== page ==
Come back tomorrow to see what else God has to say as he disciplines His chosen Israel.

-Susan Landry

 

 

 

 

 

 

And Another Thing…

Hosea 5-9

susan mon

Monday, April 10

Have you ever experienced this?

Your parents are lecturing you about something you’ve done wrong.  Really laying into you.  It seems to go on and on and on.  Finally, they pause and take a breath and you think they’re done.  But instead, they start in again with a new wave of, “And another thing…!”

In chapters 4-6, we see God get riled up.  He’s mad.  He is laying it all out in phrases like:

  • You ignored the law of your God
  • You exchanged glory for disgrace
  • Your deeds do not permit you to return to God
  • You’ve moved boundary stones. (I love this phrase, would be an interesting one to dig into)
  • Your love is like a mist…here one minute, gone the next.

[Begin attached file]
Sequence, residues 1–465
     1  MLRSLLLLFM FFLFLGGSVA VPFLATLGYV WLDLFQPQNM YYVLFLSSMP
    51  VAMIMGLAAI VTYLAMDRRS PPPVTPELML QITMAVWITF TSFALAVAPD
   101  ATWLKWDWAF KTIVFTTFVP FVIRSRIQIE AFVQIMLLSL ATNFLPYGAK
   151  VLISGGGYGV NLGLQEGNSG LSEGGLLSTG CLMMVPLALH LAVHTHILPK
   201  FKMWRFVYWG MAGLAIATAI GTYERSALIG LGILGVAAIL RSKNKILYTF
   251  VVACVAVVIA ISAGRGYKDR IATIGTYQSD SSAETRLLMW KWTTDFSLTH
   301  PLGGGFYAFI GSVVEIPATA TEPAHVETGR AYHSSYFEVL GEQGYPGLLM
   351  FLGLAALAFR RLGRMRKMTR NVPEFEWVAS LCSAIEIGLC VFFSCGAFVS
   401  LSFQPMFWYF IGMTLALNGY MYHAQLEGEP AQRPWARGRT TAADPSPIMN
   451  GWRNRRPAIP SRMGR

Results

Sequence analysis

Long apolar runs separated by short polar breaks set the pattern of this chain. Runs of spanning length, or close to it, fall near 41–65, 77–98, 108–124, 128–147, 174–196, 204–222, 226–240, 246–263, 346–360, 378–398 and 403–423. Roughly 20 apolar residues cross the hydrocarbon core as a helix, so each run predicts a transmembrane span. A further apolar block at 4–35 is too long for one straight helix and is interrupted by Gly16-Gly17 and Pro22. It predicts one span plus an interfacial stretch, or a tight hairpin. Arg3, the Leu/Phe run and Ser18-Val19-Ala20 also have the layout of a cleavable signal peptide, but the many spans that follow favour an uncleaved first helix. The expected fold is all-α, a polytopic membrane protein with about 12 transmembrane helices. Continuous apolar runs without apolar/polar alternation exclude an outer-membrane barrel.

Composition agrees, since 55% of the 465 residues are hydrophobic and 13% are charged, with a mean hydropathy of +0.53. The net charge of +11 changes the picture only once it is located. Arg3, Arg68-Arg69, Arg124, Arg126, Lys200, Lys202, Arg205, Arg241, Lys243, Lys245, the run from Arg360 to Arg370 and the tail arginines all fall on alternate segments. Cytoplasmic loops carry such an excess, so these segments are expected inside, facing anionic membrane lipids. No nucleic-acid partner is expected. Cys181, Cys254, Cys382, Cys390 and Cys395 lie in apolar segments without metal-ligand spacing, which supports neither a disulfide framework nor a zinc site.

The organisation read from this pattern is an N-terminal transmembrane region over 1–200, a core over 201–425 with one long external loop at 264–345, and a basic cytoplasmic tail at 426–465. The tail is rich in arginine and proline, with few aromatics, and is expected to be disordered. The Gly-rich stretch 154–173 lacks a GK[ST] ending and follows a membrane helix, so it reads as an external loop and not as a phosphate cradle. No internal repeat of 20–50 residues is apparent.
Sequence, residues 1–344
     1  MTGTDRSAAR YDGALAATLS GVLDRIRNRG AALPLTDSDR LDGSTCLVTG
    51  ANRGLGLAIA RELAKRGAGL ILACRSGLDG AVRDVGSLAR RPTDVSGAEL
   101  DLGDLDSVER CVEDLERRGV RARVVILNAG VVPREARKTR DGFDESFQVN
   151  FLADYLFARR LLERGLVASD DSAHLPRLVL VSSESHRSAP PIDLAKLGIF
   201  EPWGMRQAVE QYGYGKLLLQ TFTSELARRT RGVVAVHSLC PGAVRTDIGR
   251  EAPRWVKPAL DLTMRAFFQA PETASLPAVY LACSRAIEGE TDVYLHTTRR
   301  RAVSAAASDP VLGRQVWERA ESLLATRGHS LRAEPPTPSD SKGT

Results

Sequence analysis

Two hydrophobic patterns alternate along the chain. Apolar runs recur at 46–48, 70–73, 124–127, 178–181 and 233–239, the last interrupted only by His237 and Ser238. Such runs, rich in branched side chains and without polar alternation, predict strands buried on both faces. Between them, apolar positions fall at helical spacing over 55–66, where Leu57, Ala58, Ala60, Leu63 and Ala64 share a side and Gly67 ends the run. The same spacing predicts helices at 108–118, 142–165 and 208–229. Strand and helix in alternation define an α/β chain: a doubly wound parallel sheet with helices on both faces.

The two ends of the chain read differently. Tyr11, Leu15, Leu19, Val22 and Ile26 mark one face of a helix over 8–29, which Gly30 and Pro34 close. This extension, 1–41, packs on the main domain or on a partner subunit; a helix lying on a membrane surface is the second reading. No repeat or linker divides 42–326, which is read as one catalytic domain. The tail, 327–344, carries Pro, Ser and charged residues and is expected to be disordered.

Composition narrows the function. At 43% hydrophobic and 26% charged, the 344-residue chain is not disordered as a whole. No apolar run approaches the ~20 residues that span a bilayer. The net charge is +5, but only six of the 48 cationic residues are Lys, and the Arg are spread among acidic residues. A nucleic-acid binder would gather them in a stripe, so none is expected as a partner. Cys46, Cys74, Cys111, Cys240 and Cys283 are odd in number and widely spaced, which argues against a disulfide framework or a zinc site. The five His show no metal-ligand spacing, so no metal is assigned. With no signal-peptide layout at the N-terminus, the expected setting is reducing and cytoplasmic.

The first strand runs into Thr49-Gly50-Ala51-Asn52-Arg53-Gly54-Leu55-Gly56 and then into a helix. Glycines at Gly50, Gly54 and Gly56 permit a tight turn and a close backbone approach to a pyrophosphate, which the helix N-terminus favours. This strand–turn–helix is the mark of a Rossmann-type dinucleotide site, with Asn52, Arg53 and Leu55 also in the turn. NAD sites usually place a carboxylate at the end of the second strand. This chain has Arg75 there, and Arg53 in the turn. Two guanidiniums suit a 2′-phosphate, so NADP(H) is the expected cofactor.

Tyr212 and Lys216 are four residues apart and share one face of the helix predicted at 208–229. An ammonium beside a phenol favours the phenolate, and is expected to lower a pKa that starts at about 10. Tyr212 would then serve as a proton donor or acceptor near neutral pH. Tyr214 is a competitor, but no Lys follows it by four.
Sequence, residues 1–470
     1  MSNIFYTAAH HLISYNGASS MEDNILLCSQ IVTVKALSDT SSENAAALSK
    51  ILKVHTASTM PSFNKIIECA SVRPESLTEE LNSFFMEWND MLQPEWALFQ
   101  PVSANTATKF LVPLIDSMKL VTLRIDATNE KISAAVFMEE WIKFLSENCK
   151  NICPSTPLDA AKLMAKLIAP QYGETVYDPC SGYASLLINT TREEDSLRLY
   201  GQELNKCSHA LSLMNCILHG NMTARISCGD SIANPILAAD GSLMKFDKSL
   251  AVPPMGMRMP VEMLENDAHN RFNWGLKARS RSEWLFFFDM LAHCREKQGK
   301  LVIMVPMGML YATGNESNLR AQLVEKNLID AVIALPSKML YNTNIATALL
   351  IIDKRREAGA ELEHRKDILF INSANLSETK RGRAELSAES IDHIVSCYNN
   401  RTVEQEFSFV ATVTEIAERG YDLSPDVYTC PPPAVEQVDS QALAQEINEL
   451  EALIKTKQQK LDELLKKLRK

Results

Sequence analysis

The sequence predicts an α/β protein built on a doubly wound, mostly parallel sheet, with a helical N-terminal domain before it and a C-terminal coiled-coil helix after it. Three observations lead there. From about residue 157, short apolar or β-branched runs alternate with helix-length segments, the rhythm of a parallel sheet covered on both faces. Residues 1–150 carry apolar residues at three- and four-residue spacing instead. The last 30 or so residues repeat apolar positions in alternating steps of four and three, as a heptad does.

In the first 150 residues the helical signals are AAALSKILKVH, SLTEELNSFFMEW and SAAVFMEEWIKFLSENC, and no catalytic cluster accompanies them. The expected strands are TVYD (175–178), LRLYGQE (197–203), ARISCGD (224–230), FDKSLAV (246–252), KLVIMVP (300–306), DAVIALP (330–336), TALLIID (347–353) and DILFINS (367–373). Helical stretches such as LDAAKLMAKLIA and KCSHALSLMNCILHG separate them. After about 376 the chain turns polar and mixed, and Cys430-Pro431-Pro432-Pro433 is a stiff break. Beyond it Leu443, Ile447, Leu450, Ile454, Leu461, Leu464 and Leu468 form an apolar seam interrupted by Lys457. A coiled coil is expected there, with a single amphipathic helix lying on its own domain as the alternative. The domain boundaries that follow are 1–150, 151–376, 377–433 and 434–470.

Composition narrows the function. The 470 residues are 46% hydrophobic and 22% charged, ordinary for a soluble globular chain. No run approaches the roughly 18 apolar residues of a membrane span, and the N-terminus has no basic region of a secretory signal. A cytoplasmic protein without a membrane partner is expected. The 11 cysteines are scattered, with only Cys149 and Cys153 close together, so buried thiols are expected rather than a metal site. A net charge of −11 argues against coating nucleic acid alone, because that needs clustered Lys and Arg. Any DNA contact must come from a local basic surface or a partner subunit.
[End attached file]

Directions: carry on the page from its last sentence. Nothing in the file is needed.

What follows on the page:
• God has withdrawn from you.

Yeah, He’s mad.

Then He pauses, takes a breath, and starts the second round, where he lays out the consequences of all of this (9:7-9):

The days of punishment are coming,
    the days of reckoning are at hand.
    Let Israel know this.
Because your sins are so many
    and your hostility so great,
the prophet is considered a fool,
    the inspired person a maniac.
The prophet, along with my God,
    is the watchman over Ephraim,
yet snares await him on all his paths,
    and hostility in the house of his God.
They have sunk deep into corruption,
    as in the days of Gibeah.
God will remember their wickedness
    and punish them for their sins.

Don’t miss these phrases:

  • Punishment is coming.
  • The days of reckoning are at hand.
  • God will remember.
  • Punish them for their sins.

We are so fortunate that, because of Jesus, we don’t have to have our sins remembered by God.  They can be wiped away.  Forgiven here and now.  That doesn’t let us off the hook, though.  Jesus calls us to continued repentance and obedient living.

But what wonderful news that we get to choose if our parental lecture ends with punishment or forgiveness.  When does THAT ever happen?

-Susan Landry